Scientific Studies Confirm Dogs' Special Abilities
Some experts conclude that dogs only react to being scolded by humans, and don't actually experience feelings of guilt.
The large majority of scientific studies into the behavior of domestic animals focus on dogs. While dogs have been at mankind’s side throughout much of history, we also share a bond that, according to some investigations, goes far beyond the emotional. Read on to discover what these studies say about dogs’ special abilities.
People often say that dogs resemble their owners, both physically and mentally. One of the main reasons for this mutual understanding is a dog’s ability to empathize with their owners’ moods and emotions.
However, this close bond isn’t purely emotional. A number of scientific studies have shown that dogs are also able to detect illness and identify individuals, using a variety of stimuli captured by their olfactory system.
Scientific studies into the bond between dogs and humans
The first of these scientific studies was carried out in 2015 by animal cognition experts at Emory University in Atlanta. Using functional magnetic resonance imaging, they assessed the neuronal responses in dogs when faced with different odors from people and other dogs.
Investigators presented each dog with 5 different samples: its own scent, the scent of a familiar human, the scent of an unknown human, the scent of a familiar dog, and the scent of an unknown dog. The scans revealed that the caudate nucleus – the reward center of the brain – was only fully activated in the presence of familiar smells.
This second experiment could have a number of medical implications in the future. Humans have been aware of the power of the canine olfactory system for many years, which has led to the use of dogs in the search of truffles, and even in the police service.
Even so, it wasn’t until 2015 that a group of Italian clinical investigators and veterinarians proved that dogs’ special abilities to detect prostate cancer.
The researchers used two German Shepherds that had previously worked as sniffer dogs. They trained the dogs to recognize the volatile compounds present in the urine of sick patients. In this way, they were able to demonstrate that the dogs displayed between 98.6 and 100% sensitivity. In fact, they managed to recognize all 362 samples taken from cancer patients.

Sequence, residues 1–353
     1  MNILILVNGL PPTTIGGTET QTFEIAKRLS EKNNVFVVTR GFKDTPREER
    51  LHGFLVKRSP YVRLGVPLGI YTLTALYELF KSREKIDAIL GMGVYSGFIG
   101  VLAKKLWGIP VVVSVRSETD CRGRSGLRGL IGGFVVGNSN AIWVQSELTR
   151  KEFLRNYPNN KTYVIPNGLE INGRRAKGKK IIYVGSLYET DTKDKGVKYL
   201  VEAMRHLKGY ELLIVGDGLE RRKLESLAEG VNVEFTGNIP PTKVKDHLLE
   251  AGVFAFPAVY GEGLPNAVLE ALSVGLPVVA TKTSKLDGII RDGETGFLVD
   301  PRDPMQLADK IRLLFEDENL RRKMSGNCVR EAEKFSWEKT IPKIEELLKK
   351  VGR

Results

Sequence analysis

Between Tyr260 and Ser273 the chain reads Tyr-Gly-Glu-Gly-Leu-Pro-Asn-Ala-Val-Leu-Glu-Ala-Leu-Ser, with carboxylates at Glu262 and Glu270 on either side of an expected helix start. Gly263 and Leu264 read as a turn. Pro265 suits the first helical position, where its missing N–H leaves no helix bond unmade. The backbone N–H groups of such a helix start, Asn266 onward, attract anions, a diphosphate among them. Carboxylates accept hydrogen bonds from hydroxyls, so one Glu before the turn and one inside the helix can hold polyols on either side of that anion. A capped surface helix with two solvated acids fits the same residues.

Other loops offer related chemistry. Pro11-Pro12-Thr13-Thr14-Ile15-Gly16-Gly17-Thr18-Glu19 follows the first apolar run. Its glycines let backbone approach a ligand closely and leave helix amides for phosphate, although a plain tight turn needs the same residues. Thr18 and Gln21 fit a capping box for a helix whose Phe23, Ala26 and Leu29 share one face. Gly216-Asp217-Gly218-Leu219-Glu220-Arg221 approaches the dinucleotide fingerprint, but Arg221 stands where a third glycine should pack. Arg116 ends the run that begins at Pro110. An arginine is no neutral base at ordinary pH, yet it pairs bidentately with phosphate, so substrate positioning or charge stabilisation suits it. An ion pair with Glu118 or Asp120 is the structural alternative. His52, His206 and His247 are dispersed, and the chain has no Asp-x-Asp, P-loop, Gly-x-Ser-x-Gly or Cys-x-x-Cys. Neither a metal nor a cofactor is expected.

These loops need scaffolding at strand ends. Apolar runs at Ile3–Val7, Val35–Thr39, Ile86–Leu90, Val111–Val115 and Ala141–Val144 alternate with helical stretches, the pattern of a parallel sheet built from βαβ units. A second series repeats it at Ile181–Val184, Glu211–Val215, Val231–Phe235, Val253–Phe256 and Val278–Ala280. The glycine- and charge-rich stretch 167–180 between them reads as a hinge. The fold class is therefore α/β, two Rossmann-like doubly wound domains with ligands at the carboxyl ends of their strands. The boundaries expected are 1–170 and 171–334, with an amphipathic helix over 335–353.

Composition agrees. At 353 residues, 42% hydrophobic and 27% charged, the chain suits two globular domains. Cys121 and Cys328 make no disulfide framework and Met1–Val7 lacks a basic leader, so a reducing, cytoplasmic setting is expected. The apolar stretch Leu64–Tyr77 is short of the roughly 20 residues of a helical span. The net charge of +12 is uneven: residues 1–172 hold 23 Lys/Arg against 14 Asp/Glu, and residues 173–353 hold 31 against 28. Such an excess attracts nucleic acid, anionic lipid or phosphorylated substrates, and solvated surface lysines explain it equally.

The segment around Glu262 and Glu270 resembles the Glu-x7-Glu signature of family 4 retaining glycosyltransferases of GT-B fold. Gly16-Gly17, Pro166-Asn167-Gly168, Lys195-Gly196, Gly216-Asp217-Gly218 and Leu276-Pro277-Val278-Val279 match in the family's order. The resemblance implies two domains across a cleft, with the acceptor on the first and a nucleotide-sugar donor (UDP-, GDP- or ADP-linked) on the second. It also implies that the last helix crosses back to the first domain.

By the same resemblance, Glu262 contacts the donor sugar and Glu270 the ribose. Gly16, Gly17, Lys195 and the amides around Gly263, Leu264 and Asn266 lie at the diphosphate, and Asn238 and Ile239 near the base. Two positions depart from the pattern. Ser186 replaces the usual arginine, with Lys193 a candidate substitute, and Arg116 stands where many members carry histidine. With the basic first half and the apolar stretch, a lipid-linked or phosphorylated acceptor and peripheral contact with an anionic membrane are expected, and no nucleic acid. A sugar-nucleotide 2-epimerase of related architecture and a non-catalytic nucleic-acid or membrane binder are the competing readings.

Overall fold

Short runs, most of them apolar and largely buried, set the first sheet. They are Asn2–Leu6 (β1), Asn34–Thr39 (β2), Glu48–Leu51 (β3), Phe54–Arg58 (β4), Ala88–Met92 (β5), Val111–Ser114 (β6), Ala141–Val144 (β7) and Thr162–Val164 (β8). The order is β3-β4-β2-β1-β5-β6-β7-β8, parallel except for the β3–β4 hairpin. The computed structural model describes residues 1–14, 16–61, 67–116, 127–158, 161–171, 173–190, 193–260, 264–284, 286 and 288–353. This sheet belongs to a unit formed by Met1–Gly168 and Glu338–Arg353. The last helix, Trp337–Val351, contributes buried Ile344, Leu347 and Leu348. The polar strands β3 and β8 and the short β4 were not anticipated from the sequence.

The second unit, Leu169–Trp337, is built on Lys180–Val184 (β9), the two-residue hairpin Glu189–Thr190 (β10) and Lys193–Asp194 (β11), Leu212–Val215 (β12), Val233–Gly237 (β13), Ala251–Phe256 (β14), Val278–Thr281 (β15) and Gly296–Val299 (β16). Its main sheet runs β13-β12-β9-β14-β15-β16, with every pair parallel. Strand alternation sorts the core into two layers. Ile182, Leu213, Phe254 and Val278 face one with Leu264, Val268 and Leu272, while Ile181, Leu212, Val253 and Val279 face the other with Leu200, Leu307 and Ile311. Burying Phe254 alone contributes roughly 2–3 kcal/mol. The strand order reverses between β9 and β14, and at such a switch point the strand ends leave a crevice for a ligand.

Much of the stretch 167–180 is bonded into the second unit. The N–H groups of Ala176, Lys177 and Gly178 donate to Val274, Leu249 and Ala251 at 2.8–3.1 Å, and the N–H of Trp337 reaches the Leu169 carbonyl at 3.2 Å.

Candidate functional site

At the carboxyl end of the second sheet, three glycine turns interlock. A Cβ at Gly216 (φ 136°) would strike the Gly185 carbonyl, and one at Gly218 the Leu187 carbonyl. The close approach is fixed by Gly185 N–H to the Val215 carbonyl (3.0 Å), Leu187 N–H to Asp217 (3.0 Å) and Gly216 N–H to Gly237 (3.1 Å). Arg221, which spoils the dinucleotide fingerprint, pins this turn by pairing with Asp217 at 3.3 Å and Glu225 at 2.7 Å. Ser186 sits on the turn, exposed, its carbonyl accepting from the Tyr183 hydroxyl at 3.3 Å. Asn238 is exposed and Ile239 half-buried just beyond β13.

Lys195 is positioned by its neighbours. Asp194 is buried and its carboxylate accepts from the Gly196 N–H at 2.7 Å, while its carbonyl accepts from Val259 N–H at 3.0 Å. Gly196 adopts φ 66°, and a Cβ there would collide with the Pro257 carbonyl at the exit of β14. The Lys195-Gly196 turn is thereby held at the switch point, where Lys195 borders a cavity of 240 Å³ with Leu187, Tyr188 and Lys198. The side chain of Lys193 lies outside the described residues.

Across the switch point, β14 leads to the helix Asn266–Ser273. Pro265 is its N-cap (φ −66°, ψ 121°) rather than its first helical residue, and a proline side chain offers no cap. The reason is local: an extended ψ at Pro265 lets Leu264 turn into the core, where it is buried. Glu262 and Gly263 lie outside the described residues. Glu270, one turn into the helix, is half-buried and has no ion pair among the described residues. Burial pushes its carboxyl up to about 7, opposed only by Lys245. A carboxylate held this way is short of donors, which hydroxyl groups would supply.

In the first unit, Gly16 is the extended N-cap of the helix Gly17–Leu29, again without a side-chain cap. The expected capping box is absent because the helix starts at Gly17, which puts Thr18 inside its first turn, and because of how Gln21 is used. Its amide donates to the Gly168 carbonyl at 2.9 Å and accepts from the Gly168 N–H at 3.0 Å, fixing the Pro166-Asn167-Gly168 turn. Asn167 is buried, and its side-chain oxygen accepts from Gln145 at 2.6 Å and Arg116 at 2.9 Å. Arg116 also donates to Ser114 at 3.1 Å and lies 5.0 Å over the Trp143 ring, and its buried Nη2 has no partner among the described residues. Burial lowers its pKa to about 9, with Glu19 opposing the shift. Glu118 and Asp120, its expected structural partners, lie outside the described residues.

Investigations into dogs’ special abilities
As well as focusing on the bond between dogs and humans, many studies aim to better understand our pets’ emotions.
In 2008, a group of investigators from the University of Vienna took a group of dogs and paired them up. They then asked each dog to complete a task. Once the task was complete, they would reward one member of the pair with a more attractive treat (sausages), and the other with a less attractive treat (wholegrain bread).
The results showed that the dogs that received the wholegrain bread stopped responding to commands. Instead, they began scratching and yawning, and would avoid looking at the dogs who were heavily praised and rewarded.
Can dogs feel guilt?
Another study, led by Alexandra Horowitz from Barnard College, New York, focused on whether dogs were able to feel guilt. Investigators instructed a group of owners to stop their dogs from eating a treat. When the owners left the room, the researchers offered them the treat again.
Some dogs chose to eat the treat, while some did not, remembering the order their owners had previously given them. However, when their owners returned, every dog was scolded. Regardless of whether or not they had actually eaten the treat, every dog appeared to look guilty. This exercise showed that dogs don’t feel actually feel guilt. Their classic “guilty face” is simply a response to the reprimand or punishment.
The vast amount of scientific studies carried out on dogs shows mankind’s desire to better understand their beloved pets. Their incredible sensory and emotional abilities open up a world of possibilities, ranging from protection and therapy to disease diagnosis.